Defendant Mitchell appeals his conviction of robbery (by force), kidnapping, and aggravated assault. Held:
1. The first enumeration of error maintains that the jury charge was deficient in that it stated that "defendant is presumed to be innocent until proven guilty" and that "this presumption remains with the defendant until it is overcome by the State. . . ." (Emphasis supplied.) Basically, defendant's argument is that use of the word "until" alone implies that the State has satisfied its burden, is a comment on the evidence, and shifts the burden of proof to the defendant. The only authority cited by defendant is merely an approval of an instruction which contains the phrase "unless and until" rather than the single word "until." See Reeves v. State, 241 Ga. 44
, 48 (4) (243 SE2d 24
). This argument overlooks numerous cases which similarly approve of charges which are virtually the same as that given in the case sub judice. See Cunningham v. State, 221 Ga. App. 341 (1) (471 SE2d 273)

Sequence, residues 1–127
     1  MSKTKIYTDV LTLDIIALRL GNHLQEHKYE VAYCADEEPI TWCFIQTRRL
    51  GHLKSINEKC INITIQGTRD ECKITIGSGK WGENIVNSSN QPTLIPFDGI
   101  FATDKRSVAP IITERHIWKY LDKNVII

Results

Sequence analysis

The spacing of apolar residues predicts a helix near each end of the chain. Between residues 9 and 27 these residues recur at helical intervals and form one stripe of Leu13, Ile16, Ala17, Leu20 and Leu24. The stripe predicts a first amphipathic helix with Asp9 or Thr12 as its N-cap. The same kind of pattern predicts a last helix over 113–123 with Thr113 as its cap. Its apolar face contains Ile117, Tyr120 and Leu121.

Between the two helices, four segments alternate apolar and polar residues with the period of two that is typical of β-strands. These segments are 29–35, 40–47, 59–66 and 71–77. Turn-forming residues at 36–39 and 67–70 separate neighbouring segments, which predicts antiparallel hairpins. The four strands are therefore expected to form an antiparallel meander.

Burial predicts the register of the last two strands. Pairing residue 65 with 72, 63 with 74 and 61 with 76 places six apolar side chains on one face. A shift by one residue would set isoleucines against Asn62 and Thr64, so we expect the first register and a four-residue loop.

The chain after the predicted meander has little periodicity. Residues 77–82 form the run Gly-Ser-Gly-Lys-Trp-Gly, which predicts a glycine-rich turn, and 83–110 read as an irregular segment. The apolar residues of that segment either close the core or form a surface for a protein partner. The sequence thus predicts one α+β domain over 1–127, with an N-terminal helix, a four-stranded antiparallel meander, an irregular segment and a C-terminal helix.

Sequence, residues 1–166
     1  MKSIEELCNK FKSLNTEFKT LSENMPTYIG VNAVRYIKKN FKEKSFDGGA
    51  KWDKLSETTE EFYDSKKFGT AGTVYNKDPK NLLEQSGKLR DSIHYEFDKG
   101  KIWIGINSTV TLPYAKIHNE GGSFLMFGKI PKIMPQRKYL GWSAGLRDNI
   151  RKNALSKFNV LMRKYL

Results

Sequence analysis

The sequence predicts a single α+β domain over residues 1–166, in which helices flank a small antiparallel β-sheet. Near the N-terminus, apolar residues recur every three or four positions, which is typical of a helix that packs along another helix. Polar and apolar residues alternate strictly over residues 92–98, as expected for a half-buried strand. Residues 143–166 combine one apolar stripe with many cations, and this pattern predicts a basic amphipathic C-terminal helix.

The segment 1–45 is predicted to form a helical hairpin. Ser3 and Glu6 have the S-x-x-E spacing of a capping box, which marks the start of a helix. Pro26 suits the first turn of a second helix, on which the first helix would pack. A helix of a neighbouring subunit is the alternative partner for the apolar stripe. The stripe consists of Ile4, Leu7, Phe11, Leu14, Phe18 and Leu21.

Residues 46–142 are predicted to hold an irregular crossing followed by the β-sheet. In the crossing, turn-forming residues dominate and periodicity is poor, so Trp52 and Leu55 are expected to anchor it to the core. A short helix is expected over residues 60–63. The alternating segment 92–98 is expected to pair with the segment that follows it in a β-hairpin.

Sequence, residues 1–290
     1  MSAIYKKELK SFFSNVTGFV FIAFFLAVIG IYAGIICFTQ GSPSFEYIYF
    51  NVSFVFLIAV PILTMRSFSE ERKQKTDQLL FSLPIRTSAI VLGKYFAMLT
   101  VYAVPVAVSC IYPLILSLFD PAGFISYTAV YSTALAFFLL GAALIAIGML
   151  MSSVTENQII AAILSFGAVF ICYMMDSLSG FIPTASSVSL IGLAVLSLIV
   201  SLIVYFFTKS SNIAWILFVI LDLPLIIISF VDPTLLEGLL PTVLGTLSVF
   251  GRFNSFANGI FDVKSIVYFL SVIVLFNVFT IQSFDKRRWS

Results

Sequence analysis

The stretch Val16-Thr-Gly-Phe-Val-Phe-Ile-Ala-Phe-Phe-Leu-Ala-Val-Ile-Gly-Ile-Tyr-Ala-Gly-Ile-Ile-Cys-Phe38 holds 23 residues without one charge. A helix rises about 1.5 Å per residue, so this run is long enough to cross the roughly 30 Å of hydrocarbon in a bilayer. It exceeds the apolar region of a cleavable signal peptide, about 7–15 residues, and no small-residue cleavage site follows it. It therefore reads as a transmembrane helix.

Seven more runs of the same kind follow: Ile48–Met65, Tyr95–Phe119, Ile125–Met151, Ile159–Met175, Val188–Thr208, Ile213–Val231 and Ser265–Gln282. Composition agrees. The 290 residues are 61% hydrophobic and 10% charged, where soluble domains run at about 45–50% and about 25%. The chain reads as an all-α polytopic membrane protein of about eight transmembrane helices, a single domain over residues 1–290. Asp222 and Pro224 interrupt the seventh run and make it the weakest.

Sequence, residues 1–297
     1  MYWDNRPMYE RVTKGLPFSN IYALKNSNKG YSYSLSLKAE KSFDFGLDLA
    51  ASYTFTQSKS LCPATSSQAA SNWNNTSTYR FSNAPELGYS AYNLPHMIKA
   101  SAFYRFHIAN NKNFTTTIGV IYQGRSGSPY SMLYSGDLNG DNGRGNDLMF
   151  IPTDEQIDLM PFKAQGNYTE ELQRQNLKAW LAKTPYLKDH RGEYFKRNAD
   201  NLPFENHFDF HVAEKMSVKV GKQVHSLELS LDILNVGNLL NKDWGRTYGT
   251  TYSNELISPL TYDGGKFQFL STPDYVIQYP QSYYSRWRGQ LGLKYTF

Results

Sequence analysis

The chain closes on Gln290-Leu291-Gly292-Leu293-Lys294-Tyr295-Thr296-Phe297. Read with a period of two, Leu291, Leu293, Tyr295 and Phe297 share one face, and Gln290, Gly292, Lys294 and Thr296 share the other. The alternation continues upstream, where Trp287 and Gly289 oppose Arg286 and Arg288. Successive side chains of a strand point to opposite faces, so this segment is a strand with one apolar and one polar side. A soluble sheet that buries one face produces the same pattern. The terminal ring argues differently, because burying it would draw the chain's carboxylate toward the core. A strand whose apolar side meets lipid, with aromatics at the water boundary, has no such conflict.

. While we are unaware of any substantial difference in the essence of these alternative phrases, we do note that the charge given in this case also contains, immediately following the language of which defendant complains, the statement that "[n]o person shall be convicted of any crime unless and until each element of the crime is proved beyond a reasonable doubt." (Emphasis supplied.) This enumeration of error lacks merit.
2. In Noggle v. State, 256 Ga. 383
, 385-386 (4) (349 SE2d 175
), our Supreme Court recommended against the use of a potentially misleading presumption-of-truthfulness charge. See also Henson v. State, 205 Ga. App. 419
, 420-421 (3) (c) (422 SE2d 265
). In his second enumeration of error, defendant contends that the trial court disregarded this direction by instructing the jury that where there was a conflict in the testimony "it is your duty to settle this conflict, if you can, without believing that any witness made a false statement." Defendant's contention that this instruction interfered with the jury's factfinding role has been previously considered and rejected. Jackson v. State, 214 Ga. App. 683
, 684 (2) (448 SE2d 763